Here’s where things really get interesting: Dandelion isn’t just good for your body, it’s also an amazing food herb ally to have growing in your garden. That’s because dandelions are actually a key member in a group of plants known as Dynamic accumulators, which mine nutrients deep within the soil and make them more bioavailable to the plants around them.
They do this in several ways, but primarily in the release of nutrients from their leaves at the end of their life cycle. Translation? Even if you don’t feel inspired to harvest dandelions for medicine, they’re an important part of your garden’s ecosystem.
Besides this glittering medicinal resume, dandelion leaves also just really tastes good. As a digestive bitter, the leaves make for a wonderful green salad to enjoy before a meal. You can also blend them up into a green smoothie, flowers and all.
In the fall, when it’s time to harvest roots, dandelion roots can be plucked from the earth, chopped, and roasted in your oven to make a delicious tea. Some people have even used Dandelion Root Tea as a coffee substitute, although true coffee snobs (myself and Michael Moore included) wouldn’t necessarily describe it that way.
“The ground roots can be lightly roasted in a frying pan or browned in the oven on a cookie sheet to make ‘Dandelion coffee’; I personally find this a mild insult to both Dandelion and coffee, but some people are quite fond of it.”
- Michael Moore, Medicinal Plants of the Mountain West
Whether you choose to roast it or consume the root fresh (or a combination, as many herbalists prefer), you really can’t go wrong. Dandelion has virtually no toxicity in its leaves, flowers or roots— so you can munch it, mix it, and drink it freely. Besides acting as a ‘coffee substitute’ for some, the root is also incredibly anti-inflammatory, and has been used to assist with ailments involving chronic inflammation, such as arthritis, gout, and leaky gut syndrome.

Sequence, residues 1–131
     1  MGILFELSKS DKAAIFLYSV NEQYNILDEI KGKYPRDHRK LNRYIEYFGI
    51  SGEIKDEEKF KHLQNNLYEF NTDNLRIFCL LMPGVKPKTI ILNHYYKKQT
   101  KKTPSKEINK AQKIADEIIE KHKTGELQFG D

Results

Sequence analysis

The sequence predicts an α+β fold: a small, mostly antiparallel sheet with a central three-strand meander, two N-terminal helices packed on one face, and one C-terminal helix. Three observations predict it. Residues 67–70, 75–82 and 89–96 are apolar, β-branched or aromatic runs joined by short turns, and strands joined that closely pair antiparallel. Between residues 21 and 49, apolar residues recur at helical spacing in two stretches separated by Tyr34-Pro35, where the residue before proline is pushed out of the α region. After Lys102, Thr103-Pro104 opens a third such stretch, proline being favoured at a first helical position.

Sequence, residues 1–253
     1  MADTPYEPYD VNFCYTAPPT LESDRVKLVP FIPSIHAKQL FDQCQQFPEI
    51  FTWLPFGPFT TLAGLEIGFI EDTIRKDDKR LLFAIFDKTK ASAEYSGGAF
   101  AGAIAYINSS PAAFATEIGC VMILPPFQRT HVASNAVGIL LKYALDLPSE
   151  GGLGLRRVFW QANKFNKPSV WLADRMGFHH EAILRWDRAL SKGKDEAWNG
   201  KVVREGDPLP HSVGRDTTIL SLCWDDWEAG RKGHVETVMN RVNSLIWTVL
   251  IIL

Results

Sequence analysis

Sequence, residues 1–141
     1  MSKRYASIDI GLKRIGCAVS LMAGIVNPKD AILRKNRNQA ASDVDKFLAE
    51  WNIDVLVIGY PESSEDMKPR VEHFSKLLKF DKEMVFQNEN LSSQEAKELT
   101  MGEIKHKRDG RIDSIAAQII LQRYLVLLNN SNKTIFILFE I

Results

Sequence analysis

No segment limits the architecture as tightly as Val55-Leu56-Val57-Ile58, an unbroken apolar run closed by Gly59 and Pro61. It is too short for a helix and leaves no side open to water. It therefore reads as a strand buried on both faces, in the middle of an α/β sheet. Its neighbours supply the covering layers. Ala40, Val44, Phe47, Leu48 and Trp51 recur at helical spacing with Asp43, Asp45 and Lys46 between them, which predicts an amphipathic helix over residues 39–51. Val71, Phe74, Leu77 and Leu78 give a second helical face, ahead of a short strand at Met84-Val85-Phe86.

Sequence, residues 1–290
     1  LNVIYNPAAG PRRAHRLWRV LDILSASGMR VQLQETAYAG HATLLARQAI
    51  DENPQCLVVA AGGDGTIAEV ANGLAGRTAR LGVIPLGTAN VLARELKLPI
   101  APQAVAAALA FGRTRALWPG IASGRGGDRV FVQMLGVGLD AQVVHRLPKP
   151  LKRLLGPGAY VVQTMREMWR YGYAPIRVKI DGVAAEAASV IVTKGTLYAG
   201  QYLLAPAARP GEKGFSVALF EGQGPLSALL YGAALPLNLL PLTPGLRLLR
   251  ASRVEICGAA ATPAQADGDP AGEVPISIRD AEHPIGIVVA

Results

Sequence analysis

Correctly identifying dandelion
Since it’s unlikely you ever cultivate dandelion intentionally, you’ll need to adopt some basic foraging skills in order to add this sunny little weed into your herbal repertoire2. If you’ve never foraged anything before, I highly recommend you read our Wildharvesting 101 Guide.
Here are a few additional tips to help you get started:
Beware of dandelion lookalikes and avoid harvesting the leaves until you can see the flowers (which makes the plants much easier to properly ID).
Remember: Dandelions don’t have multiple stems. The flower grows from one hollow root stock. If you see a plant with branching stems, it isn’t dandelion.
Never harvest in polluted places, ie. gardens or yards that use chemical fertilizers and pesticides, or near roadsides.
Spread the word! There are still a lot of dandelion-haters out there—and friends don’t let friends hate medicinal herbs (just made that up, but it sounds pretty good, no?)
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Lightowler H, Thondre S, Holz A, Theis S. Replacement of glycaemic carbohydrates by inulin-type fructans from chicory (oligofructose, inulin) reduces the postprandial blood glucose and insulin response to foods: report of two double-blind, randomized, controlled trials. Eur J Nutr. 2018 Apr;57(3):1259-1268. doi: 10.1007/s00394-017-1409-z. Epub 2017 Mar 3. PMID: 28255654.